Holding will be worth the wait
Integrated energy and chemicals giant Sasol has had to endure major drops in its share price over the past few years, but looking at the charts, a recovery is pending.
long-term shareholders in Sasol have been in for a rough ride, with the stock still trading about 40% below its 2014 highs, mainly because of the drop in Brent crude prices. Sasol is very sensitive to Brent crude movement, including the rand/ dollar exchange rate and ultimately the rand price of the commodity.
According to Reuters, hedge fund managers have become very bearish about the outlook for oil prices as production from countries outside the Organization of Petroleum Exporting Countries (Opec) grows and threatens to undermine the effectiveness of Opec’s output controls. With concerns mounting that Opec’s agreed production cuts will fail to support prices, Brent crude declined to sevenmonth lows in June, while US crude dropped to its lowest levels since September 2016.
Sasol, an international integrated chemicals and energy company, has been range-bound between 50 000c/share and 35 400c/share for the past two years, and is currently teetering on the 35 400c/share key support level – maintained since January 2015. Sasol reached its best at 65 300c/share in 2013, which was shortly followed by a huge sell-off when oil prices fell, the rand recovered and the costs at its Lake Charles project in the US increased rapidly to $11bn from an initial estimate of $8.9bn. Sasol has breached the support trendline of its long-term bull trend and is currently teetering on key support at 35 400c/share. Some traders could find these levels as a good buying opportunity, if Sasol bounces on that key support level and extends its sideways pattern.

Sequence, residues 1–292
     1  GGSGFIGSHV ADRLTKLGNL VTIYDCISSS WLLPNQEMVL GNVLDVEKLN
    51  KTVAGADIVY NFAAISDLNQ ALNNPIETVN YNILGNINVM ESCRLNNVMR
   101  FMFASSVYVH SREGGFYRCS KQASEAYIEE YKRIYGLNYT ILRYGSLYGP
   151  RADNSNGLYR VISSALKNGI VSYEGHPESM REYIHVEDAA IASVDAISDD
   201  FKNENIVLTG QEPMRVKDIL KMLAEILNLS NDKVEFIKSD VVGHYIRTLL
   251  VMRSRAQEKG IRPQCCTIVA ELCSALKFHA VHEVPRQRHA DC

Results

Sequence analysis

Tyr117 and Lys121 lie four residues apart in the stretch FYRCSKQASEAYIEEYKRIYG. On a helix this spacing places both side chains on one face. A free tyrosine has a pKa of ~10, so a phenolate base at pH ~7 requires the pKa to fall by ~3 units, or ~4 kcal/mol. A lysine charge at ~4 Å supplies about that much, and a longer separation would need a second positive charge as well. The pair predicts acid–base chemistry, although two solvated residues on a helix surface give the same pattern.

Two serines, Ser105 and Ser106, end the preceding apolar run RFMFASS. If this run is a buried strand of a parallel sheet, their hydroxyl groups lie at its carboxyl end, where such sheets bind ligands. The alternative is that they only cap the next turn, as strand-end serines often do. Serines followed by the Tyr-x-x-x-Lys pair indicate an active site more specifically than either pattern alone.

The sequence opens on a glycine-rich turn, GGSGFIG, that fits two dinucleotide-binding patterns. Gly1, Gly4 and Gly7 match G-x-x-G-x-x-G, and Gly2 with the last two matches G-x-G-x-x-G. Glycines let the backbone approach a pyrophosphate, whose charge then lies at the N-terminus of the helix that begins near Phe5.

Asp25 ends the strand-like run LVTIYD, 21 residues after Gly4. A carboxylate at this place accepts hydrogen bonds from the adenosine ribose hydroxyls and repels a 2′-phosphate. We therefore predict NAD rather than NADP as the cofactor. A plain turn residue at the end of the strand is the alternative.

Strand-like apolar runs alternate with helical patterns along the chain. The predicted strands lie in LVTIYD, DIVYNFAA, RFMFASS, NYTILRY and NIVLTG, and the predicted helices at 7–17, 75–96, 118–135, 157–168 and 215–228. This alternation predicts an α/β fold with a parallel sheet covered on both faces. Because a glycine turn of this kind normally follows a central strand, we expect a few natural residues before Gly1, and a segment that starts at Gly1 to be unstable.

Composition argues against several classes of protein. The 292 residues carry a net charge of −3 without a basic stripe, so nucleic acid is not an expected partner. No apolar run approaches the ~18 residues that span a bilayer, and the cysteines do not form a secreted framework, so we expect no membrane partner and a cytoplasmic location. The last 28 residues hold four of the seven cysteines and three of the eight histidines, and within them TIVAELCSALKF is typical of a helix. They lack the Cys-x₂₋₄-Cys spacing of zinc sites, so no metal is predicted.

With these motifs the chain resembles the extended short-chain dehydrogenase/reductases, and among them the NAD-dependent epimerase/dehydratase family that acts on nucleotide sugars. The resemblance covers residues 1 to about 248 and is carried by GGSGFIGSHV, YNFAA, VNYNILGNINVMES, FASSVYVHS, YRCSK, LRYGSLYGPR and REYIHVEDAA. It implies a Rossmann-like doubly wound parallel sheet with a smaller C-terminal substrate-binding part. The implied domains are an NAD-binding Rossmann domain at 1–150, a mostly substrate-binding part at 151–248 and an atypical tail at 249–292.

Its Lake Charles chemicals project, currently under construction in the US, is expected to be fully operational in the 2019 financial year. Cash flows generated outside SA will then begin to equal that generated within South Africa, Moody’s said in a recent credit report. Currently, around 60% of Sasol’s total operating cash flow is generated in SA, meaning the company is to a large extent exposed to the South African operating environment, it said. Sasol believes Lake Charles, which will produce value-added chemicals, will be more competitive than a number of other plants that are currently operational or under construction.
For most long-term investors, holding onto Sasol shares is worth the wait and will pay off when Sasol eventually rebounds and retests prior highs.
How to trade it:
Go long: If Sasol retains firm support at 35 400c/share, then upside to either 41 150c/ share or 43 620c/share would be possible. With the three-week relative strength index (RSI) in mega-oversold territory, a recovery is pending soon. Increase long positions above 43 620c/share as gains towards 50 000c/share could follow. A positive end to the long-term sideways pattern would be confirmed above that level. Go short: Downside through 35 400c/share would be a very bearish move. A negative breakout out of both the primary bull trend and the sideways pattern would be confirmed. If Sasol recovers in the near term from its oversold position on the weekly chart but fails to push through the 43 620c/ share level, prepare to go short below 35 400c/share. The first downside target would be at 30 050c/share, with the next being at 21 655c/share.